How to Apply for an International Patent
If you have an invention that you think is marketable, you should consider applying for a patent. In the United States, you would apply for a domestic patent through the United States Patent and Trademark Office (USPTO). Applying for a domestic patent is also the first step in applying for foreign patent rights, known as either a Paris Convention or a Patent Cooperation Treaty (PCT) application. If you believe that your invention has a competitive market abroad, you should consider applying for foreign patents to protect your legal rights to your product in other countries.
Determining the Patentability of your Invention
Determine if you have a patentable invention.U.S. law sets forth the following requirements for something that can be patented:
- It must be invented or discovered by a person;
- It must be either a new and useful process, machine, manufacture, or composition of matter; or it must be an improvement on an existing invention; and (in any case)
- It must include an "inventive step", e.g., an improvement or combination that would be "non-obvious to a person having ordinary skill in the art", at the time of filing the application.
Verify your invention is not already patented, disclosed or being used.If your invention meets the requirements for a patentable invention, you must conduct a search to determine whether your idea has already been patented. The US Patent and Trademark Office recommends you follow the following seven steps to search for a patent:
- Brainstorm terms that are related to your invention. When coming up with terms, think about words relevant to your inventions purpose, make-up, and use.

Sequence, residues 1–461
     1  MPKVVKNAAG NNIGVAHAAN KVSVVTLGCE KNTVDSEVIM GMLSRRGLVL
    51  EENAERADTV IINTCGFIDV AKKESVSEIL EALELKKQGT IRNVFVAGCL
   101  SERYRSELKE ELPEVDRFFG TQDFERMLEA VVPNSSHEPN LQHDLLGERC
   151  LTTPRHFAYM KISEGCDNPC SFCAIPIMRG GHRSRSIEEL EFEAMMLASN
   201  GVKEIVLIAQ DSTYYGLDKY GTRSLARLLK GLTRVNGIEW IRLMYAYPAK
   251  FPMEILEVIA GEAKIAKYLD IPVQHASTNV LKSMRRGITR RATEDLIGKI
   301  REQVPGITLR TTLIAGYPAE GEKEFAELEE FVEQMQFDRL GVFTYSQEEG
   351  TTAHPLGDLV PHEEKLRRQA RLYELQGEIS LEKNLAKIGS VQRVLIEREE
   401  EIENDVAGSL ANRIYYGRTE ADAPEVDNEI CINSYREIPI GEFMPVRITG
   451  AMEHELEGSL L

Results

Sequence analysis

- Search for your terms on the USPTO website at: . You should conduct your search in the following format "CPC Scheme [plus keywords(s) describing invention]." This search should help you locate the invention’s Cooperative Patent Classification (CPC).
- Once you have located the CPC, review the linked definition to make sure that the definition fits your invention.
- Search the USPTO patent database, , for all patents matching your CPC. After identifying the patents, quickly skim the first page of each patent to determine whether it matches your own invention. If there is a similarity, read the documents more closely including descriptions of the intended use of the invention and any drawings of the invention. Pay close attention to cited references.
- If your initial search does not turn up any similar inventions in any patents, expand your search by performing a key word search on the website. You can also search additional databases at and .
- Just as for US patents, your foreign patents must define an invention that is "new and non-obvious" with respect to any invention already disclosed in a publication or in public use anywhere in the world, whether or not is has ever been patented. The more you learn about any related inventions, the easier it will be to determine whether to pursue your own patent.